The indicator of pesticide risk proposed here refers to aquatic and soil ecological risk, and builds on the concepts developed in the HAIR and FOOTPRINT projects. It aims at providing a synthetic representation of pesticide risk in Europe using the limited information available; it is computed as a weighted sum of exposure-toxicity ratios for all chemical classes used in Europe, under conservative assumptions. The approach can be extended to human health risk as well as other endpoints, in a straightforward way.

Policy relevance and context

The relevant policies are described in the chapter Policy relevance and context of AEI 6 - Consumption of pesticides

In an effort to harmonise the calculation of predicted environmental concentrations (PEC) of active substances of PPPs in the framework of EU Directive 91/414/EEC, the European Commission initiated a Forum for the co-ordination of pesticide fate models and their use (FOCUS). FOCUS is based on co-operation between scientists of regulatory agencies, academia and industry. FOCUS has produced guidance for calculating pesticide leaching to groundwater, for pesticide persistence in soil[1] and for pesticide loss to surface water.

Agri-environmental context

The agri-environmental context is also described in chapter Agri-environmental context of AEI 6 - Consumption of pesticides. Pesticides still represent one of the main pressures from agriculture on human health and ecosystems, though chemical substances placed on the market tend to be less and less harmful in response to the requirements of the directives and regulations in force, as they undergo more and more risk assessment. The persistence of pesticides in the environment tends to be reduced thanks to the gradual replacement of “old” chemicals, such as Lindane, Endosulfan and Trifluralin, with equivalents producing lesser impacts. However, to date no homogeneous and extensive assessment of risk conditions in Europe has been conducted.

The pesticide statistics regulation (Regulation (EC) No 1185/2009) has identified close to 500 active substances to be followed; usage data are reported for Europe grouped in almost 120 substance classes, some of which include a high number of chemicals with markedly different physico-chemical properties, hence fate and toxicity to humans and ecosystems. The environmental concentration of pesticides depends substantially on application timing and mode, climate and landscape parameters. Among other parameters, soil organic carbon content, the distance of the application site from water bodies, the presence of buffer vegetation, ambient temperature, and runoff and leaching rates play a major role.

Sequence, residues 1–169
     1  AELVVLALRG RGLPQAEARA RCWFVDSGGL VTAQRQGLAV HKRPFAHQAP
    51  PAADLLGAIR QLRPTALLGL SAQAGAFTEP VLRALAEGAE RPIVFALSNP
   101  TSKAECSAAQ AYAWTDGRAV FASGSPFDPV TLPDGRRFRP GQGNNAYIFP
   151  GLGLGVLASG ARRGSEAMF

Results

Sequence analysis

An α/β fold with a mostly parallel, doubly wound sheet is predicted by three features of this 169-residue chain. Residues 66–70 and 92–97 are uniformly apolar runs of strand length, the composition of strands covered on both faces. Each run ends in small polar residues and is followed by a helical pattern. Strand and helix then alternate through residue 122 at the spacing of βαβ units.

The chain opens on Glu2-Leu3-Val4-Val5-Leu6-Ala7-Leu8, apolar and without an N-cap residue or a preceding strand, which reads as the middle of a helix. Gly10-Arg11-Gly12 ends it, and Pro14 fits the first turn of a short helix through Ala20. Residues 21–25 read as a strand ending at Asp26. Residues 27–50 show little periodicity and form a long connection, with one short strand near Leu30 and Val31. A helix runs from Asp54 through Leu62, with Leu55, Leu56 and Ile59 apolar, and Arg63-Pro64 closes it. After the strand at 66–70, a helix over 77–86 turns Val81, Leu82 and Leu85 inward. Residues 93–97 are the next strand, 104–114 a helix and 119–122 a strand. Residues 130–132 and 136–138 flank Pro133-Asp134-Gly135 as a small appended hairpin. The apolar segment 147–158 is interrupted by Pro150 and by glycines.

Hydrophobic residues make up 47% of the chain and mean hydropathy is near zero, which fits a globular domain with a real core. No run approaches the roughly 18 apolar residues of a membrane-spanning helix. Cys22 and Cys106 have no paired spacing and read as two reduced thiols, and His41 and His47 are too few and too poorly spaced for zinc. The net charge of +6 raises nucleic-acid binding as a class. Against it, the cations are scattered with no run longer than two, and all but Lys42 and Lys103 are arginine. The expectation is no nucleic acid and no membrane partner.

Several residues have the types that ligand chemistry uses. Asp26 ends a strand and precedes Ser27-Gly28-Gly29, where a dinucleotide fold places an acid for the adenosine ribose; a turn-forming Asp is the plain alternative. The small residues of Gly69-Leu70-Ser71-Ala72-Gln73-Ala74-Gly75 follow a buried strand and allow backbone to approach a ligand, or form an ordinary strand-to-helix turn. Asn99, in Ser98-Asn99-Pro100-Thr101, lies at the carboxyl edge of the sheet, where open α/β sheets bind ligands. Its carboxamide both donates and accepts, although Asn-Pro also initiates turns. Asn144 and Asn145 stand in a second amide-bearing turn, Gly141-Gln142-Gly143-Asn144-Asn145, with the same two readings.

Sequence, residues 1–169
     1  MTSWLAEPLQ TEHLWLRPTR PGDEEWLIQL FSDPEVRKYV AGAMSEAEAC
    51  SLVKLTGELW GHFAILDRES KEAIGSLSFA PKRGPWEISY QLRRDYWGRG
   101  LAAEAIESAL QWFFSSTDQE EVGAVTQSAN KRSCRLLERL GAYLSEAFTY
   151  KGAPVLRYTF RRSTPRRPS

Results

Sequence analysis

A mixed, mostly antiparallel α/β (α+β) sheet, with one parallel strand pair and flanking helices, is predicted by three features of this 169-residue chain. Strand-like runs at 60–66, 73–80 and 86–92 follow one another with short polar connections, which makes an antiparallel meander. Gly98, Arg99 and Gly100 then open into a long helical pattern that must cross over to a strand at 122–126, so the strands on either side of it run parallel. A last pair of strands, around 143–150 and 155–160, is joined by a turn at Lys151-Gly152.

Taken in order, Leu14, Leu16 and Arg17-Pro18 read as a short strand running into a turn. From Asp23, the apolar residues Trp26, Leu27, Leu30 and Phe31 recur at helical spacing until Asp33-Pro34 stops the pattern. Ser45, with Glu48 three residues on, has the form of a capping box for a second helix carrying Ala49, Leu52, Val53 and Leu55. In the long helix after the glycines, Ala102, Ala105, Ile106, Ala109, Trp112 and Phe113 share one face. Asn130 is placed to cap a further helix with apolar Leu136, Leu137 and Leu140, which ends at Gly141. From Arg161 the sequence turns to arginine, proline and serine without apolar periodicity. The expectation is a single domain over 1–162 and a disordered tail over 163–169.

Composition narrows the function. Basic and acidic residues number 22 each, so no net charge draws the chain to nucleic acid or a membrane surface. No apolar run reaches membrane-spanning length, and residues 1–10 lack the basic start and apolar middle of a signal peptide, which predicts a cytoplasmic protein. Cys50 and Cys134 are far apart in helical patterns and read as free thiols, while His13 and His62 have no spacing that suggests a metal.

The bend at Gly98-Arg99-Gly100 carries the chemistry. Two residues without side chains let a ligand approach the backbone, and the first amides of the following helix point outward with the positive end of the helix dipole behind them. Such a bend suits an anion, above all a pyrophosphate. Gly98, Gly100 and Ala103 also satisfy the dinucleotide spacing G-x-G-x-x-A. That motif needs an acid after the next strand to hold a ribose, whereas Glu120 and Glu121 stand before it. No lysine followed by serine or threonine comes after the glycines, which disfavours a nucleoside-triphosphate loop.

The effects of pesticides on ecosystems have been characterized using toxicological properties of the chemicals for indicator species (fish, algae, aquatic invertebrates for water; bees and earthworms for terrestrial ecosystems; sometimes toxicity data for birds and mammals are also available). Also, a clear relationship has been highlighted between ecological structures and toxicity of water to Daphnia Magna[2]. Ecosystems may be significantly impacted by pesticides; however, impacts can be significantly reduced when landscape patterns support habitats that can provide recolonization. Research has highlighted that, for instance, the presence of forest in the catchment upstream of a river impacted by pesticides correlates to increased resilience of aquatic communities.[3]

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Notes

  1. FOCUS Soil Modelling Workgroup: "Soil persistence models and EU registration", (1997).
  2. Liess, M., von der Ohe, P. C. (2005): Analyzing effects of pesticides on invertebrate communities in streams. Environ.Toxicol.Chem. 24 (4), 954-965
  3. Liess, M., von der Ohe, P. C. (2005): Analyzing effects of pesticides on invertebrate communities in streams. Environ.Toxicol.Chem. 24 (4), 954-965